2. Agreed, Wollman Rink should be in the hands of the The Central Park Conservancy (CPC)‼️

    3. Annie says:

      I don’t understand these comments re: CPC taking over the skating rinks. If their reputation is for satisfying their donors ahead of the rest of us NYers, then why would it be a good deal for the City and for non-donors to support CPC?

      • Anthony says:

        Why would you believe such s statement. Do you know what it means?

        I don’t. The rink and park are open to everyone. No one’s checking IDs. The Park was a dangerous dump before the CPC took over management. Now it’s amazing.

        Someone mentioned some5ing about using the tennis courts and CPC getting preference. Ok, if trye fix that. I mean how many people want to use the tennis courts versus using the park? Probably less than .001% of park visitors.

    4. HH says:

      Who said the CPC has a reputation for prioritizing donors? What does that even mean – the park is free for everyone.

      Central Park used to be a total dump. The grass was brown, the park full of garbage, the building dilapidated, the foliage overtaken by weeds, the paths dangerous. It is now the nicest large public space in all of New York by a landslide, largely thanks the CPC. Why the hate?

    5. denton says:

      People forget that the city couldn’t run the rink before the trump contract. They couldn’t fix the engineering issues. Now, I’m in no way shape or form a Trump fan, but what he did was tap into the engineering expertise in his organization and send his best engineer, a gentle Irish poet and real gentleman, Joe Morrisey, to fix this mess that existed. And fix it he did. So, if we support the ‘public good’ instead of bring in a for profit experienced real estate operator, it’s all gonna go down the toilet. You heard it first right here.

      • chuck d says:

        There were a lot of Trump/mob-related shenanigans going on with that deal that enabled Trump to come in and play savior. One day the real story will be told.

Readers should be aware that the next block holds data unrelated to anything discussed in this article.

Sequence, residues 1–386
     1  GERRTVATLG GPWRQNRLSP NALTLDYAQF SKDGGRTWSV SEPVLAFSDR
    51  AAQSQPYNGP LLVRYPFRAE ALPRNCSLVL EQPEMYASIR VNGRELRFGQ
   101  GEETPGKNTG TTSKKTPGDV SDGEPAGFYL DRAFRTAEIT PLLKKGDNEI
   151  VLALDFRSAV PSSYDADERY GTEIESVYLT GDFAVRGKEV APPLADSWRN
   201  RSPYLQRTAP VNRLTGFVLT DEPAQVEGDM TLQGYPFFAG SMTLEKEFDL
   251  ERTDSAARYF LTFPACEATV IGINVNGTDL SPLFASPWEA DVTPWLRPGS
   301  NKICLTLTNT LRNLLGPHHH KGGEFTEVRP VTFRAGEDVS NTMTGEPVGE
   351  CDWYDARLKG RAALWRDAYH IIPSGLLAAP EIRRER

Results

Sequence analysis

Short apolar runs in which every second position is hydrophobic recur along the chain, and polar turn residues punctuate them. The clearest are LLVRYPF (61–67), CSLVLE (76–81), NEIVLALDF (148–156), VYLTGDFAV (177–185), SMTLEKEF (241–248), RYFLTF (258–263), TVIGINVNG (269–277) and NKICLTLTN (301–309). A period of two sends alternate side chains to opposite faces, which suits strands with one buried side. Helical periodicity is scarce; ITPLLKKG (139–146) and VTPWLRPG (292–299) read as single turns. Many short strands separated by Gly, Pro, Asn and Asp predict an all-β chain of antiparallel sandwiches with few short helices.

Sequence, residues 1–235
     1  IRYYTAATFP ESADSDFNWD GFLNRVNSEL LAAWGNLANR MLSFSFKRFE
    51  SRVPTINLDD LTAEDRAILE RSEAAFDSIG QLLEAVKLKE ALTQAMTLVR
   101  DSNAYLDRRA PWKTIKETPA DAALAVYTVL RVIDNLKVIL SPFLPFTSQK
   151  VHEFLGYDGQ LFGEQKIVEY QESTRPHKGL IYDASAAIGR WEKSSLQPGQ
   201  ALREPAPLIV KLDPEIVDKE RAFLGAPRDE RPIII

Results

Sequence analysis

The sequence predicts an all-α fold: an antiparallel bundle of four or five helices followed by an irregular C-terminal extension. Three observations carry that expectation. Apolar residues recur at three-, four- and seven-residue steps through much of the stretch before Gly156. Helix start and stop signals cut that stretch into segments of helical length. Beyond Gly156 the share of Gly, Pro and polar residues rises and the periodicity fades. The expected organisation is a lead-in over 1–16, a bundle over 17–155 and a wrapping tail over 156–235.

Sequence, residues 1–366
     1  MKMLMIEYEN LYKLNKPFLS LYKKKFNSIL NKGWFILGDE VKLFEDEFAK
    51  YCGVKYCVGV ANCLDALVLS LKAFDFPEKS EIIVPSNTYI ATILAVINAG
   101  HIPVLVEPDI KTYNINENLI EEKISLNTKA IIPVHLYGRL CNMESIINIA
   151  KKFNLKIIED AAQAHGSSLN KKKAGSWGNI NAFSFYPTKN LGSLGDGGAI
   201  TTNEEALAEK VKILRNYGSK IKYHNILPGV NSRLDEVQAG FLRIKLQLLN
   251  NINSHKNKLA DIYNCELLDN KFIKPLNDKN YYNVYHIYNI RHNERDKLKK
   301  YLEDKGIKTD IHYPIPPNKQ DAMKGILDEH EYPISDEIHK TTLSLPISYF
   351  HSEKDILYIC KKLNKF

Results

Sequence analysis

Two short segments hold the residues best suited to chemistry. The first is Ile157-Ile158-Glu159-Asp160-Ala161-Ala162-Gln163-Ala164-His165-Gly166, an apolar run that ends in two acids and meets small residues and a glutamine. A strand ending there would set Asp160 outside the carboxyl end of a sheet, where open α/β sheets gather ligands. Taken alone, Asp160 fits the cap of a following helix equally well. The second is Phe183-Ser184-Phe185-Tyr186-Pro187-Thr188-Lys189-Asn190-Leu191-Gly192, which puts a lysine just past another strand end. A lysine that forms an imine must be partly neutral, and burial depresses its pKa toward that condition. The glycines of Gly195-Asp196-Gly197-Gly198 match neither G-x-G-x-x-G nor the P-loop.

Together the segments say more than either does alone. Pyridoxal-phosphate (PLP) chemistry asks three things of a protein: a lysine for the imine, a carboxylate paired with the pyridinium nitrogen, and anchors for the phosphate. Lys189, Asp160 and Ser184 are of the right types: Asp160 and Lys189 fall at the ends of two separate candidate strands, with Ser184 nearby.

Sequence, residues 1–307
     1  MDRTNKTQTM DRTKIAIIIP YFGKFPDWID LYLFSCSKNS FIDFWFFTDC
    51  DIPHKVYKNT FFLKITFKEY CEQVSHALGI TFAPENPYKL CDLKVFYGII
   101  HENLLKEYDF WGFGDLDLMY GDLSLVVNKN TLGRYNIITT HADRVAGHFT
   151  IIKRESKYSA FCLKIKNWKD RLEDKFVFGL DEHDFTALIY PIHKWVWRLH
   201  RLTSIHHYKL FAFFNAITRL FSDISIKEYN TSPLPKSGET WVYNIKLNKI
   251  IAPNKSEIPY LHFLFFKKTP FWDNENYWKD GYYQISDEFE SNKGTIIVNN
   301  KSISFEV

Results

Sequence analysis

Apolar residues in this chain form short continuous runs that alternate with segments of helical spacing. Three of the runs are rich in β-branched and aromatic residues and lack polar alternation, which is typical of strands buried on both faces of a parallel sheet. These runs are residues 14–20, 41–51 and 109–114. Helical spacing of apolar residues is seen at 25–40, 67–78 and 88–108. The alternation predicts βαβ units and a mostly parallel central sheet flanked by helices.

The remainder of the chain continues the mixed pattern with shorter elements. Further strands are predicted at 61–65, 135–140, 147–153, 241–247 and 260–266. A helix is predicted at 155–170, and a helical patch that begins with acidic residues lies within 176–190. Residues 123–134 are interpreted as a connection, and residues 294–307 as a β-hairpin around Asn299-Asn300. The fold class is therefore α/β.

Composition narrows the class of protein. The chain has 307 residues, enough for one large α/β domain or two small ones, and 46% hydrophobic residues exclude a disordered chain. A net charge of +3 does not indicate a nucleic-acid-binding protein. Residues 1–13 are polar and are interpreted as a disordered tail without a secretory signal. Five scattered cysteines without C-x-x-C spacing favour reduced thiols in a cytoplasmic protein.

6. Jake says:

      Probably not the best time to do away with a private public partnership like the one set up now when the City needs all the money it can get…and I’m sure the Park Dept currently collects more in annual rent than the operator of the rink profits after factoring in what must be enormous expenses.
      Wollman would be pretty easy to screw up in the wrong hands. Best to keep it with or award it to a group with deep pockets who are looking for a vanity project.

    7. AC says:

      Anyone who uses Central Park or Riverside Park knows that the Central Park Conservancy is a pay to play scam. Whether it’s the tennis courts or the softball fields, it’s who you know and how much you donate that gets you an opening. This subject matter was covered a couple of years ago when access to the tennis courts was becoming a growing issue.

      Regarding the Rink, should have just left it in Trump’s hands. Anyone who remembers the past knows what happened when the city ran it.

      • Michael M says:

        Curious by what you mean by pay to play? Having gone through the process before, the parks department runs and permits the tennis courts in central park and they also runs the permits for the softball and baseball fields. Central Park Conservancy doesn’t handle either ….

        • uwsmom says: